Brahms Symphony no 2 & 3Johannes Brahms wrote many major works for orchestra, including four symphonies, two piano concertos and a double concerto for violin and cello. Although many regard him as one of the last bastions of the Romantic era, he always maintained a Classical sense of form and order within his works - in contrast to the excesses of some of his contemporaries. With the possible exception of Anton Bruckner, Brahms was the finest symphonist in the late 19th century and his work greatly inspired Gustav Mahler and Jean Sibelius. Brahms revered Beethoven - a marble bust of the great composer looked down on the spot where Brahms composed – and was to an extent inhibited by this overwhelming genius. Schumann had said that Brahms would become the next great composer like Beethoven, a prediction that Brahms was determined to live up to but did little for his self-confidence, and may have contributed to the delay in producing the First Symphony. However, Clara Schumann noted before that Brahms’s First Symphony was a product that was not reflective of Brahms’s real nature, feeling that the final exuberant movement was ‘too brilliant’. She recanted in accepting the Second Symphony. Often regarded as one of his sunniest works, although Brahms himself felt that the first movement reveals the melancholic side of his nature. Brahms’s Third Symphony was written in the summer of 1883, nearly six years after he completed his Second Symphony. This marvelous work has been called ‘Brahms’s Eroica’ and is famous particularly for the sublime theme from its third movement. On this is a Super Audio CD, Brahms specialist Marek Janowski directs the excellent Pittsburgh Symphony Orchestra in fresh and satisfying performances of the composer’s Second and Third Symphonies. Highly recommended.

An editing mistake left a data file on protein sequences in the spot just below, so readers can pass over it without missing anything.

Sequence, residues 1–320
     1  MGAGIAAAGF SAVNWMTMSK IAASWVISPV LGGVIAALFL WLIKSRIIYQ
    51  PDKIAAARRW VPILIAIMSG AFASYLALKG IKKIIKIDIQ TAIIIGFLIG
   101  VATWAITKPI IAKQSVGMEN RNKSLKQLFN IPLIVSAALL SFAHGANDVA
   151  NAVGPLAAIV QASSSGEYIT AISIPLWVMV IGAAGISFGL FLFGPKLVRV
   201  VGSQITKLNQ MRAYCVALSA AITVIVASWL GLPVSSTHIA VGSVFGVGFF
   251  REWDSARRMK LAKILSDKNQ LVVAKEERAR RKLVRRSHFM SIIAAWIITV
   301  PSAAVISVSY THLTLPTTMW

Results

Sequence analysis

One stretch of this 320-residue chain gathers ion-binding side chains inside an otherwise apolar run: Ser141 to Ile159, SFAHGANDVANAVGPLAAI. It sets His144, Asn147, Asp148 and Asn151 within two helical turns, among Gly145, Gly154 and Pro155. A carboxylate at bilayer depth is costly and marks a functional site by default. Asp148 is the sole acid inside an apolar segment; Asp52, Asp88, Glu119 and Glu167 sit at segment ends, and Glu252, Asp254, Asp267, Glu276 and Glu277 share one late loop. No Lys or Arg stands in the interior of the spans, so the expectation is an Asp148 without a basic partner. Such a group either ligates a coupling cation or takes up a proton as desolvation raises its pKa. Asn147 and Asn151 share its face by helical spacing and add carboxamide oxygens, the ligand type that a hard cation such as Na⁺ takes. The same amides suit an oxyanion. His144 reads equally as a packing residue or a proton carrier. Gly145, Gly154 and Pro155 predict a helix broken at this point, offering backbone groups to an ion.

Arturo Toscanini was born in Parma, Italy, in 1867 and died in Riverdale, New York, in 1957. He began his musical career as a cellist and made his conducting debut in Rio de Janeiro in 1886, substituting for the regular conductor and conducting Verdi’s Aida from memory. He later gave the world premieres of Leoncavallo’s Pagliacci and many of Puccini’s greatest operas (La Bohème, La Fanciulla del West and Turandot), as well as the Italian premiere of Wagner’s Götterdämmerung and La Scala’s first production of Beethoven’s Fidelio. Widely regarded as the world’s greatest conductor, Toscanini’s anti-Fascist stance during the Second World War made him as a symbol of freedom and humanity. As musical director of the NBC Symphony Orchestra from 1937 to 1954 he brought his brilliant intensity, restless perfectionism and phenomenal ear for orchestral detail and sonority to a mass audience via radio broadcasts, concerts and recordings. This superbly produced set features excellent digital transfers of Toscanini’s legendary 1939 cycle of Beethoven symphonies and overtures. The soloists in the great Choral Symphony are Jarmila Novotna, Kerstin Thorborg, Jan Peerce and Nicola Moscona, with the Westminster Choir, and these five CDs contain over six hours of outstanding historic performances. Beethoven’s symphonies were more profound and dramatic than those of his predecessors and Toscanini brings all his strengths as an opera conductor to inspire vigorous and stirring accounts of all nine of them as well as the Leonore and Egmont overtures. The NBC Orchestra is in fine form and the great conductor’s sometimes controversial genius combines with that of Beethoven to produce dazzling and memorable performances.